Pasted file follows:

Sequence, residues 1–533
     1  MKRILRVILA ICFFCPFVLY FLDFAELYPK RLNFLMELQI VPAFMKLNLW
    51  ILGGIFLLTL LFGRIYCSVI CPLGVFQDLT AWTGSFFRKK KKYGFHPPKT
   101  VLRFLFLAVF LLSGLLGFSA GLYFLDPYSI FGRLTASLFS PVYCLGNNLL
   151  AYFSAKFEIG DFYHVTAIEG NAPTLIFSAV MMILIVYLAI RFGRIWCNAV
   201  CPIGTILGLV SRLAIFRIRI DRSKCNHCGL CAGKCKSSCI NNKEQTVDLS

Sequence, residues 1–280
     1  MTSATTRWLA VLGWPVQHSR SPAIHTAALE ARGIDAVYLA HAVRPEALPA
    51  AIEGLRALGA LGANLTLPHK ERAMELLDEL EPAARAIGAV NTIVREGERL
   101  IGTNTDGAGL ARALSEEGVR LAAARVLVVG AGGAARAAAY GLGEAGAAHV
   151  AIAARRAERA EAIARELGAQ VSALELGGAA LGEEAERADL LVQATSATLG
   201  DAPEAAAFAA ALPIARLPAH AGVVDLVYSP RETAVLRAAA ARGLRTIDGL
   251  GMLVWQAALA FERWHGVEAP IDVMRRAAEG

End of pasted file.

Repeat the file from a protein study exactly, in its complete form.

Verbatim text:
Sequence, residues 1–533
     1  MKRILRVILA ICFFCPFVLY FLDFAELYPK RLNFLMELQI VPAFMKLNLW
    51  ILGGIFLLTL LFGRIYCSVI CPLGVFQDLT AWTGSFFRKK KKYGFHPPKT
   101  VLRFLFLAVF LLSGLLGFSA GLYFLDPYSI FGRLTASLFS PVYCLGNNLL
   151  AYFSAKFEIG DFYHVTAIEG NAPTLIFSAV MMILIVYLAI RFGRIWCNAV
   201  CPIGTILGLV SRLAIFRIRI DRSKCNHCGL CAGKCKSSCI NNKEQTVDLS

Sequence, residues 1–280
     1  MTSATTRWLA VLGWPVQHSR SPAIHTAALE ARGIDAVYLA HAVRPEALPA
    51  AIEGLRALGA LGANLTLPHK ERAMELLDEL EPAARAIGAV NTIVREGERL
   101  IGTNTDGAGL ARALSEEGVR LAAARVLVVG AGGAARAAAY GLGEAGAAHV
   151  AIAARRAERA EAIARELGAQ VSALELGGAA LGEEAERADL LVQATSATLG
   201  DAPEAAAFAA ALPIARLPAH AGVVDLVYSP RETAVLRAAA ARGLRTIDGL
   251  GMLVWQAALA FERWHGVEAP IDVMRRAAEG